9. A method as described in claim 6 wherein said macroinvertebrates are selected from the group consisting of snails and clams.
This is a divisional of application Ser. No. 7/140,450 filed Jan. 4, 1988, now U.S. Pat. No. 4,851,583.
Acrolein is a well-known pesticide used to treat liquids containing slime-forming microorganisms. As used herein, the term "pesticide" means: 1) any substance or mixture of substances intended for preventing, destroying, repelling or mitigating any pest and 2) any substance or mixture of substances intended for use as a plant regulator, defoliant or desiccant. As used herein, the term "pest" means: 1) any insect, rodent, nematode, fungus, weed, or 2) any other form of terrestrial or aquatic plant or animal life or virus, bacteria or other microorganism. Although a highly effective pesticide, the use of acrolein has been severely impeded by its hazardous properties. In the first instance, acrolein vapors are highly volatile, poisonous when inhaled, and extremely irritating to the eyes, skin and respiratory tract. In addition, these vapors form a highly combustible admixture in air over a broad percentage range and, consequently, represent a pronounced fire, and explosion hazard. The physiological potency of acrolein is demonstrated by the fact that exposure to a vapor concentration of 0.25 ppm for a period of 5 minutes causes moderate irritation, a concentration of 1 ppm causes painful irritation in the same period of time, and a concentration of 150 ppm for 10 minutes is believed to be fatal to humans. The fire-explosion hazard which it presents is demonstrated by a flash point of less than 0° F.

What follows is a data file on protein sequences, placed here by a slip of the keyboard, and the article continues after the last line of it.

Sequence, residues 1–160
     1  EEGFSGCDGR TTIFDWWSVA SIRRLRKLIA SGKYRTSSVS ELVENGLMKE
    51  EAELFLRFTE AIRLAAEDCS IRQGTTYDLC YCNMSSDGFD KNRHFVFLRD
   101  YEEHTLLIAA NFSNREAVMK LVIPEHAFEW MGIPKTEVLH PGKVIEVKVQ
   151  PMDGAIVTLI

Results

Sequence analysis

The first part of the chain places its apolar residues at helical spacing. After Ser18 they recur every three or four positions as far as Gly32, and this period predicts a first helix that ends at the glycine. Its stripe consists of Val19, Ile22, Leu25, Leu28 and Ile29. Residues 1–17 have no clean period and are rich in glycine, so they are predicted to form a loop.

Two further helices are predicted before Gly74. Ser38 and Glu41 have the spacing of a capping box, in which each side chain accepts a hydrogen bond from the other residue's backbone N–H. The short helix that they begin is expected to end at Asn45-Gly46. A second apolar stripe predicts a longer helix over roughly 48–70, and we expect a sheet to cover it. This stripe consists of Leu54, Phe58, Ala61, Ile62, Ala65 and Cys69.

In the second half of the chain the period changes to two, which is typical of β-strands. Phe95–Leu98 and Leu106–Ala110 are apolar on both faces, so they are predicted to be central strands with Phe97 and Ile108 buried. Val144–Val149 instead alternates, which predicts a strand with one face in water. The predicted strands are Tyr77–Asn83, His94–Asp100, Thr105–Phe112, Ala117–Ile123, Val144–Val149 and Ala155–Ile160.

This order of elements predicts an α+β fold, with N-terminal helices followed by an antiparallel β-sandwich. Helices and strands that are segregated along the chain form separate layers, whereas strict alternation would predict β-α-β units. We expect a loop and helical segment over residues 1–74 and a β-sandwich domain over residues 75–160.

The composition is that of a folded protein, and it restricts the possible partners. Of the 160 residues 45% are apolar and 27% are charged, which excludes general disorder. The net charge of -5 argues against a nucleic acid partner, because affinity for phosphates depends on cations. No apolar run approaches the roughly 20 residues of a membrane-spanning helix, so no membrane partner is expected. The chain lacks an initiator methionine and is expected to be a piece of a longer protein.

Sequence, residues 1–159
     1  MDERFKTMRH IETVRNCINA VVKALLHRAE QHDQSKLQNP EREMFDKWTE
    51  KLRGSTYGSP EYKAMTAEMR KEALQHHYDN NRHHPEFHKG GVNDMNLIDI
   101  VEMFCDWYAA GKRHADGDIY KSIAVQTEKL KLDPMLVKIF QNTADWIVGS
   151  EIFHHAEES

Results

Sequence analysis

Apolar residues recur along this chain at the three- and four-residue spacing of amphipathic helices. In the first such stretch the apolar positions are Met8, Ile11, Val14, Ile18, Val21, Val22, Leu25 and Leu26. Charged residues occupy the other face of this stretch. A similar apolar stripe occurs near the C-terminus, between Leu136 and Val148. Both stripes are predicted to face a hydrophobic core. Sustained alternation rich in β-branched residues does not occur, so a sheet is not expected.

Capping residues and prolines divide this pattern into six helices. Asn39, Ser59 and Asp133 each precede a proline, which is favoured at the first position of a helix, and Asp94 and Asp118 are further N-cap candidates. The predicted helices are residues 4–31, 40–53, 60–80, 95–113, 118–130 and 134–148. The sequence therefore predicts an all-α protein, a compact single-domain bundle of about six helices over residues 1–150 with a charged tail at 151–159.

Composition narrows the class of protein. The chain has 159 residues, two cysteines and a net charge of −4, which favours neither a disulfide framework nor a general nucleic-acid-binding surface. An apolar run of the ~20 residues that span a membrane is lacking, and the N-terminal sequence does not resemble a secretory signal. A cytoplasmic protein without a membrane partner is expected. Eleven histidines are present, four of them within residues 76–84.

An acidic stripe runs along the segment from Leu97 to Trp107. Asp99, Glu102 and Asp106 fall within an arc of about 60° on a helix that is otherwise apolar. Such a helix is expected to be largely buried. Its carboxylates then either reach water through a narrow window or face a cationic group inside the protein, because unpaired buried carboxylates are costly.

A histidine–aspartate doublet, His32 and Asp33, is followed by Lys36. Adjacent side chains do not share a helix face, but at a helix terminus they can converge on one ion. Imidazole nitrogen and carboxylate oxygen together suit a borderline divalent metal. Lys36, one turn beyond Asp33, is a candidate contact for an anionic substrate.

These conditions, when combined with the availability of acrolein in tank cars, conventional steel drums, and like containers, have seriously retarded the commercial utilization of acrolein as a biocidal agent. Usually, the limited quantities involved and the requirement to employ expensive safety systems and to train personnel in the safe handling of this material are also deterrents to the widespread use of this pesticide in many applications. A number of proposed methods of use have been plagued by the very real possibility of the rupture or leaking of the storage and feeding equipment employed, with consequent probability of toxicity to personnel or animals and/or fire-explosion damage to plants and equipment. Even if the fatal consequences of inhalation, fire or explosion are avoided, the irritation and lachrymation caused by even minute quantities of escaped vapors are a pronounced disadvantage. Similarly, equipment such as air purifying respirators or supplied air breathing equipment would be required during the startup of the treatment, and explosion-proof equipment would be necessitated in all areas adjacent to the apparatus for the storage and feed of acrolein. Furthermore, air accelerates the polymerization of this product, thereby reducing its availability. Elaborate equipment is required for the purpose of avoiding the formation of an air-vapor admixture within the storage and feeding systems.